Old time music is in my blood. My first introduction to music of the age was via my Dad (knowingly or unknowingly). He was born in the early 1930’s and played Jazz, Boogie Woogie and Ragtime on the piano as I grew up. I ploughed my own musical path in my teen years obsessing over classic rock and 1980’s metal. By the time I hit my 20’s I started to realise that Blues, Folk and Jazz (of which skiffle is derived) underpinned most of the music I had ever listening to. Everything pointed back to the stuff my Dad played. It was at this point I also started to actually meet musicians playing this old time stuff and then journey really got started.
How long have you been performing the old time style and writing your own songs?
I had some landmark musical moments in the late 80’s / early 90’s when I met some very influential musicians. In particular, a one man band called ‘The little big band’ and a Blues / Roots duo called JC and Angelina. I started to pick up a few of the songs that they were playing and in about 1995 I formed my first real duo with my brother. We playing a mix of Folk, Blues, Hillbilly & Bluegrass. When I realised that with 3 chords and a harmonica I could play a truck load of Folk, Country and Blues songs I started to get gigs.
As for songwriting, I hadn’t been playing too long when I decided to give it a crack. I put pen to paper and songs flowed. 25 or so years on I still find songwriting an easy and enjoyable process.
You play as multiple different ‘acts’, how did you come to have these different personas as they were?
I quickly realised that once I could play Harmonica, Guitar and sing simultaneously I could be a self reliant musician with the option of gigging as a soloist, duo, or with a band. Having these different combinations added up to me being about to make a full time living from my music. In my home town of Christchurch, I have been able to work many different musical combos playing the different genres of music that I love thus providing me with a wide variety of gigs.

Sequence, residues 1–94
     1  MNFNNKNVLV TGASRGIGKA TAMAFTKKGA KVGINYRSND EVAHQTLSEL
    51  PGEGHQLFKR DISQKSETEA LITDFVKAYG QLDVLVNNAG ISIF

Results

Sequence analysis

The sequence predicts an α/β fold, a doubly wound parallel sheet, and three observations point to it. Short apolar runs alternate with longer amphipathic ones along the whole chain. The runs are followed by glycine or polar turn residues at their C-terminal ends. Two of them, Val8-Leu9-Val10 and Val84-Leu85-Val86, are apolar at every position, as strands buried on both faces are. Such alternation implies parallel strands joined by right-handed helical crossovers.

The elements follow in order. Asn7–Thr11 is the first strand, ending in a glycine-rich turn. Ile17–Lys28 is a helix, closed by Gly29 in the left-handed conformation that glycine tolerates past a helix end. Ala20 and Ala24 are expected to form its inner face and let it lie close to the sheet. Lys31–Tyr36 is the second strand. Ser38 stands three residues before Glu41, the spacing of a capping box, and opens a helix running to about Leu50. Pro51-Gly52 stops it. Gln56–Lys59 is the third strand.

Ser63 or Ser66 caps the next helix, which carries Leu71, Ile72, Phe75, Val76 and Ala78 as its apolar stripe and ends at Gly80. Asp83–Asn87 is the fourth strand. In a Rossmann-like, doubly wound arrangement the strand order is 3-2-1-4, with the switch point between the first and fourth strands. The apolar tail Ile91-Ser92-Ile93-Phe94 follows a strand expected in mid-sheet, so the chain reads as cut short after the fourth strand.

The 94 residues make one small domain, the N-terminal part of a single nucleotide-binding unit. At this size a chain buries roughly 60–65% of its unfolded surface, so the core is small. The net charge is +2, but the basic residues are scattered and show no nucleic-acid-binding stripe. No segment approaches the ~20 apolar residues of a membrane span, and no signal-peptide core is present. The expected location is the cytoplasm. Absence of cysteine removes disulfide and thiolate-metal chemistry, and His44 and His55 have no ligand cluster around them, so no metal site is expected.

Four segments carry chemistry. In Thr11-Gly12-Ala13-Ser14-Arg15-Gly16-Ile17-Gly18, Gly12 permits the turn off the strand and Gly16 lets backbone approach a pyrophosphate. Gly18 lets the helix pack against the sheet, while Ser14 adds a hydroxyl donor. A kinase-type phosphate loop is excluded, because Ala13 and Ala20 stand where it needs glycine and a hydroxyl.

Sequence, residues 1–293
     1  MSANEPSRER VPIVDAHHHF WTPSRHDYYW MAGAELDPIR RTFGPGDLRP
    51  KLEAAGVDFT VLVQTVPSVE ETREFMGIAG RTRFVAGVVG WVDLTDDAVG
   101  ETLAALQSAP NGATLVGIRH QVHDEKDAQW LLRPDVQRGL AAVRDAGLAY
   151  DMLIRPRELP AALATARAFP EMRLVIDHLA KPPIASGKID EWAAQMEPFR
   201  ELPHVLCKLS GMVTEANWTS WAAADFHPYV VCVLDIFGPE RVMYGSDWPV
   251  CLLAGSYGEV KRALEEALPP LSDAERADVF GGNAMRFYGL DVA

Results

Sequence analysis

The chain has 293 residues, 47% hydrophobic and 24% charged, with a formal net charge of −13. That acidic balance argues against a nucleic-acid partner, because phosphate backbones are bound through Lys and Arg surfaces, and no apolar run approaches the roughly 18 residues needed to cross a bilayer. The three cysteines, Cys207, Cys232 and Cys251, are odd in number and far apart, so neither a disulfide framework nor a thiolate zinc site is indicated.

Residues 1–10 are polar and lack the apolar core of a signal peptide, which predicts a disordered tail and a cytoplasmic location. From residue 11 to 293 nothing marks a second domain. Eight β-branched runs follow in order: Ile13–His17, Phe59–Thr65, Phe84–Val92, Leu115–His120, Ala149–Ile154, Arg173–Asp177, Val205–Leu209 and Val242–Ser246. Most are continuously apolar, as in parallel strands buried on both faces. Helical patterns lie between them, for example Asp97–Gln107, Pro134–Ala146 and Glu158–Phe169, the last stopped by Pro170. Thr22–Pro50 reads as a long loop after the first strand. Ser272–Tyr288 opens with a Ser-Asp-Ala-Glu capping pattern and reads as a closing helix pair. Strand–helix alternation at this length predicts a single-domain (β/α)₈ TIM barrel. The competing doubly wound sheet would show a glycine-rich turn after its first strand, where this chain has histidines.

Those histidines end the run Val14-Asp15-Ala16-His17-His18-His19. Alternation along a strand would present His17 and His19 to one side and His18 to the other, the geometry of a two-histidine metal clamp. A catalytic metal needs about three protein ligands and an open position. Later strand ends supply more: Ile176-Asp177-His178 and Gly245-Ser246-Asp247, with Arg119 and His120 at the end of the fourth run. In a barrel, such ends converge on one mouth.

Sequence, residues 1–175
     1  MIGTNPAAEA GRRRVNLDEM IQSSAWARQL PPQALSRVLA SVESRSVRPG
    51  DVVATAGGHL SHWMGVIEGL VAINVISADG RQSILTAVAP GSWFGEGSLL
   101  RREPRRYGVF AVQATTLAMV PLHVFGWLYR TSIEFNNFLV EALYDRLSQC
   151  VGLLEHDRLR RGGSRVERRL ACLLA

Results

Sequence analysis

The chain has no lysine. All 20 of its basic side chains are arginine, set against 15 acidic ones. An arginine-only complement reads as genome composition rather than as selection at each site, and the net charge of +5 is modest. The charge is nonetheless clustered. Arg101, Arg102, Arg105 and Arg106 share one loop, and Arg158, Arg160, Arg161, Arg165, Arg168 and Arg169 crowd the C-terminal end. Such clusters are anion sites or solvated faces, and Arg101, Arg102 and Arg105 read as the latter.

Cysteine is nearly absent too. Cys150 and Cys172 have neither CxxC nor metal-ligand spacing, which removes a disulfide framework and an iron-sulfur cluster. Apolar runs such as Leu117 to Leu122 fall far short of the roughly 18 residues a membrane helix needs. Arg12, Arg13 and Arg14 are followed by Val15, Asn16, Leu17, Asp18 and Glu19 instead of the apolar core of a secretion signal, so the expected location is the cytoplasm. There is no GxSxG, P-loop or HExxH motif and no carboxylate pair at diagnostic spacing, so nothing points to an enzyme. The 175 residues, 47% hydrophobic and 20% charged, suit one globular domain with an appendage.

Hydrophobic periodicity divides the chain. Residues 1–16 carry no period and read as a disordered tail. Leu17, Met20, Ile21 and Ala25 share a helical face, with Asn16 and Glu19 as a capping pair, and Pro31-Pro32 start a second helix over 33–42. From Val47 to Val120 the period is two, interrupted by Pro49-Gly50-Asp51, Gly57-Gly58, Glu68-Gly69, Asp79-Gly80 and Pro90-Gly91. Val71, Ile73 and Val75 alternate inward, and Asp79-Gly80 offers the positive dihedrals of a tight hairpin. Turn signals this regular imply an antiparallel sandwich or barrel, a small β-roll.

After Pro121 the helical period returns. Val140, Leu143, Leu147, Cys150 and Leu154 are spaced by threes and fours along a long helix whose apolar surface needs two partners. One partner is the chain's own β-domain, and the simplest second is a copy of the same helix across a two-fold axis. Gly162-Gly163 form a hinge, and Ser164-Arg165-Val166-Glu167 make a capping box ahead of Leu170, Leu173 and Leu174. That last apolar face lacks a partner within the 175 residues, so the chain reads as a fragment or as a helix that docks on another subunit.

What’s it like performing in Christchurch this long post quake?
I love this city as much post quake and I did pre quake. Things are different now for sure but I have rolled with it. I went from playing 5 nights or more a week pre quake to 0 gigs one afternoon in February! The city has started to get back on its feet with more and more venues opening up. I mainly do solo work nowadays and fortunately, many of the new venues support solo musicians. The city seems to close earlier than it used to but that now works to my advantage – I have a young family and gentleman’s hours suit me well!
Is this your first tour? If so, do you prepare differently with your music to tour or are you pretty organised and set in your ways with your performance?
It’s not really a tour in the conventional sense, I do ‘away gigs’ when my calendar and family commitments allow. I have been trying to get up to Auckland for ages but the planets never seem to align. I am really looking forward to doing my Li’l Chuck thing for a whole new audience but I won’t change it too much from the show I do on the south island.
Organised? – Hell yeah! I am always organised but I am not set in my ways. I like to be prepared for anything that gets thrown at me. The guys in my last band used to tease me for carrying a clipboard in my gig bag! Whatever and wherever the gig I like to have as much figured out in advance as I can. My main gig aside from music is as a stay at home Dad to 2 young children and this is the reason I do so much work In and around Christchurch. I can’t just hit the road willy-nilly without a lot of organisation. The Auckland gig has taken the planning of a small military operation.
There can’t be many people in NZ performing the way you do, do you use this to allow the focus to be more on the instruments and good time factor of this, or do you bring audiences attention to your lyrics and the stories you tell?
A great question. I guess it is always a novelty seeing someone performing multiple instruments simultaneously so of course Li’l chuck is an interesting gig to see live in the flesh. Personally, I don’t feel the ‘multitasking thing’ is the main focus of Li’l Chuck. Li’l Chuck (and the combination of all the instruments I play) is the creative outlet for my for my songwriting and musicianship in the genres I dearly love – Blues, Swing, Ragtime etc. For me, Li’l chuck encompasses all of me, my personality and my music in a nutshell. I find it essential for me to interact with the audience and tell the background stories of my songs. I know the songs can stand up in their own right without explanation but giving the backstory makes the gig a whole lot more intimate and inclusive.